However, there are unanswered questions about how well it will work with the variety of applications that we have today. This is a bit confusing because on the one hand, Apple’s schematic (see above) shows Aqua on top of the Classic box. This is clearly wrong because Apple has stated that Classic applications will look as they have always looked. This makes sense from a technical standpoint, and even conceptually because Classic applications are different. However, Apple’s questionable changes, the moved window widgets and rearranged menubar, will make Classic applications stand out more than necessary. Perhaps Apple has done this on purpose to pressure developers into Carbonizing as soon as possible. But what it really does is penalize everyone who makes use of old software that still works.
Carbon applications, on the other hand, will be first class citizens in OS X. They’ll enjoy the latest look and feel—or will they? Carbon applications will certainly use new-style menus and traffic-light window widgets. However, Carbonizing does not necessarily include rewriting an application’s user interface. Since most applications use a mix of custom, library, and Apple-supplied code to draw buttons, pop-up menus, checkboxes, and other user interface elements, there’s no way that Apple can give Carbon applications a uniform Aqua appearance inside their windows. Developers will have to do a lot of work to make their Carbon applications look at home both in OS X and in OS 9. Making their custom interface elements fit with the Aqua look may be especially difficult, because it is so much more complex than knowing which shade of grey to make buttons and which size font to use. Apple should be making it easier to write good Mac applications, not harder.
Much that is new in Mac OS X is good. The plumbing is first-rate, and the user interface has some nice improvements. But I question some of the changes Apple has made. From day one, Macintosh users have enjoyed the simplicity of disks that appear and disappear from the desktop as they become available and unavailable. Apple pioneered the desktop metaphor, but the new Web browser-style Finder eschews it in the name of reducing clutter. The Dock reduces clutter, but it will quickly be filled with beautiful but nameless icons. Apple seems overzealous in embracing the new and the cool. It should remember that the Macintosh interface, and the loyalty it instilled in its users, is the reason Apple is still around after a decade of poor management. In the past, the company has shown remarkable ability in combining power, ease-of-use, and coolness. I hope they have not forgotten the proven formula.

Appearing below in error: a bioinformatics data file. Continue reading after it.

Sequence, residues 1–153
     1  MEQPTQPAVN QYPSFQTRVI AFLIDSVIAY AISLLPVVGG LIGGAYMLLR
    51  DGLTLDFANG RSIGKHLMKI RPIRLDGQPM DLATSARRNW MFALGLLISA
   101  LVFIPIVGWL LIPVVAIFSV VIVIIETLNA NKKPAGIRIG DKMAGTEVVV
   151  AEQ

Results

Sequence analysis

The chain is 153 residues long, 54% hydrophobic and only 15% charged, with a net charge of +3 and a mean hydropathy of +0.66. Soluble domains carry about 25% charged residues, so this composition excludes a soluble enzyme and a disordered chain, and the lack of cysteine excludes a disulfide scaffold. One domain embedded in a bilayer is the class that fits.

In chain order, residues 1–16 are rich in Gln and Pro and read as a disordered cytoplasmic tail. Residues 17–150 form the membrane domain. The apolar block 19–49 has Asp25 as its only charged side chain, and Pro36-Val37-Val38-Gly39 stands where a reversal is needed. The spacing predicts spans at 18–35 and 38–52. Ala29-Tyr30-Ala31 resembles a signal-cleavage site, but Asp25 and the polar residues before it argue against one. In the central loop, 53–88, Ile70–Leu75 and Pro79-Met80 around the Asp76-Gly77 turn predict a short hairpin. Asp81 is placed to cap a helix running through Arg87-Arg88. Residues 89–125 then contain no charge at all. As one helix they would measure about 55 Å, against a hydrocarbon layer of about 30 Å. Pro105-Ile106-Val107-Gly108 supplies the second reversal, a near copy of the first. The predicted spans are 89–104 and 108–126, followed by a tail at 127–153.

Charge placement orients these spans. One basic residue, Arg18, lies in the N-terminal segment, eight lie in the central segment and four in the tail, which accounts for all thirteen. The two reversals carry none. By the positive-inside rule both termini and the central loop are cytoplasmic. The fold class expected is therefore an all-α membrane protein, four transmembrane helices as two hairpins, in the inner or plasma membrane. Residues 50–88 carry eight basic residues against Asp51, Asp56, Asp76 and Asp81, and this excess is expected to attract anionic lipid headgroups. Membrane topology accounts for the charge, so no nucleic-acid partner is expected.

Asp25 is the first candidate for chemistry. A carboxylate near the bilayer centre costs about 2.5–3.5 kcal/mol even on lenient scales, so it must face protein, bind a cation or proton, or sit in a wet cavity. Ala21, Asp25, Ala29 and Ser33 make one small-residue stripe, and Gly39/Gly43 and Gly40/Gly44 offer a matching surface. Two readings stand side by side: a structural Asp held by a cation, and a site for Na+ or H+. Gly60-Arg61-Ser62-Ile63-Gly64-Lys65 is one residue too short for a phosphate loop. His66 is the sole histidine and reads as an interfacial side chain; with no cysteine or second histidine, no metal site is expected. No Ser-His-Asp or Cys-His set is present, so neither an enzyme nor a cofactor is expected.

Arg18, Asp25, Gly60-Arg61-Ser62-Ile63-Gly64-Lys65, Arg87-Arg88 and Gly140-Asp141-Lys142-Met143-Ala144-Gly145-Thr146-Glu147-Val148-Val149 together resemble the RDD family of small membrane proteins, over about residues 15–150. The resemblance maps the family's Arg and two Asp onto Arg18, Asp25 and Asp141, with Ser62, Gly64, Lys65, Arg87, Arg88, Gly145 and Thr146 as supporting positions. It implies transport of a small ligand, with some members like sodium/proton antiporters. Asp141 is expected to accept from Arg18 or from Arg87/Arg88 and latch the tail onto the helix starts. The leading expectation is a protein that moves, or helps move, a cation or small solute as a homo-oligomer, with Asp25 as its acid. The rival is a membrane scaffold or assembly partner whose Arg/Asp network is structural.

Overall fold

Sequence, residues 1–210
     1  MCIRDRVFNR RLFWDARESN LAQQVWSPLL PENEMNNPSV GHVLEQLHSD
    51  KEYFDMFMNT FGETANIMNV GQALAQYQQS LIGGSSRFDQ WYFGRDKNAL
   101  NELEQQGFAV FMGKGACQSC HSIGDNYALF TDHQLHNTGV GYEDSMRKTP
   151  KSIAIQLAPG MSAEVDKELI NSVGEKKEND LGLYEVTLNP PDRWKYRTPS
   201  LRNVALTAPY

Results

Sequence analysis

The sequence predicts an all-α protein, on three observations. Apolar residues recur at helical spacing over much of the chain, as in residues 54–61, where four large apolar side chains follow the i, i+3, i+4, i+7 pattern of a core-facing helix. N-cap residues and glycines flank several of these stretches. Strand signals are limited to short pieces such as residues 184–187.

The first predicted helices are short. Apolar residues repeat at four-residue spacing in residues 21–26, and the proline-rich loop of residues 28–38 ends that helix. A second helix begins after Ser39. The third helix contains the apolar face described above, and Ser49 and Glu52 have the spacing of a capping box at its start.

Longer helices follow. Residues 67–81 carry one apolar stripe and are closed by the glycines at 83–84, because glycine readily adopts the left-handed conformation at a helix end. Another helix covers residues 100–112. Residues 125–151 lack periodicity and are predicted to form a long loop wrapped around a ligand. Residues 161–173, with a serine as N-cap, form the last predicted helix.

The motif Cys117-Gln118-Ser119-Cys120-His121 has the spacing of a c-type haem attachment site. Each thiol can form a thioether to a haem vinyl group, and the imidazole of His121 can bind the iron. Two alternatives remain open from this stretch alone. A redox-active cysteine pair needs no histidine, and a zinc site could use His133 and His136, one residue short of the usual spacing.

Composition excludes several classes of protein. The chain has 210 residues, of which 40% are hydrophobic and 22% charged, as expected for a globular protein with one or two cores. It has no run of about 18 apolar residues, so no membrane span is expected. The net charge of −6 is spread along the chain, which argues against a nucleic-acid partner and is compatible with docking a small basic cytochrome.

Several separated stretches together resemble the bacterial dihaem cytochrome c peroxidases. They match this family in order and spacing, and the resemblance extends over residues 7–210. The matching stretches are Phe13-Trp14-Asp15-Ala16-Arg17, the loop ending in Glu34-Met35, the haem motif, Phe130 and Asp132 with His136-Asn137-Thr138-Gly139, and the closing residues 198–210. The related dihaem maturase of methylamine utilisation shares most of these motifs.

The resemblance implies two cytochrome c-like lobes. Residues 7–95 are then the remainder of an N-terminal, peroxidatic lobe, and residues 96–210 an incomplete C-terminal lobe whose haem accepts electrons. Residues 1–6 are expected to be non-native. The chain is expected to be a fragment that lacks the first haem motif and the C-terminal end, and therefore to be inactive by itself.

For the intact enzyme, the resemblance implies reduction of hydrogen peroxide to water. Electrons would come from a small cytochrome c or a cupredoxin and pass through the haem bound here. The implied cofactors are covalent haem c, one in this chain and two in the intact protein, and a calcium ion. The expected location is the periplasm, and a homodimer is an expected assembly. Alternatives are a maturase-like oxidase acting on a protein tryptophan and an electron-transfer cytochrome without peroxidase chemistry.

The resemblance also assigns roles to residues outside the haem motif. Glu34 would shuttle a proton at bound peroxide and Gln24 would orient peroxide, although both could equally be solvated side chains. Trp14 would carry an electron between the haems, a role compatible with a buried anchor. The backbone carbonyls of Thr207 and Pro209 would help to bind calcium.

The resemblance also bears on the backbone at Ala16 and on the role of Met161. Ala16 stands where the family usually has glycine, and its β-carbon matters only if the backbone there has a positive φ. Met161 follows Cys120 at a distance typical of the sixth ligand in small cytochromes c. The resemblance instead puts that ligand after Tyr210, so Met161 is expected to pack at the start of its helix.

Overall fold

Also in This Series
- How Cool Is Your Mac? · May 2012
- Mac OS X’s Increasing Stability · August 2006
- Coping With Mac OS X’s Font Rendering · January 2006
- E-Mail Archiving with Eudora and Mail.app · January 2003
- Grab Bag · October 2002
- Mac OS X 10.2—First Impressions · September 2002
- Mac OS X 10.1—First Impressions · October 2001
- Mac OS X Tips · June 2001
- Mac OS X—Finally · May 2001
- Complete Archive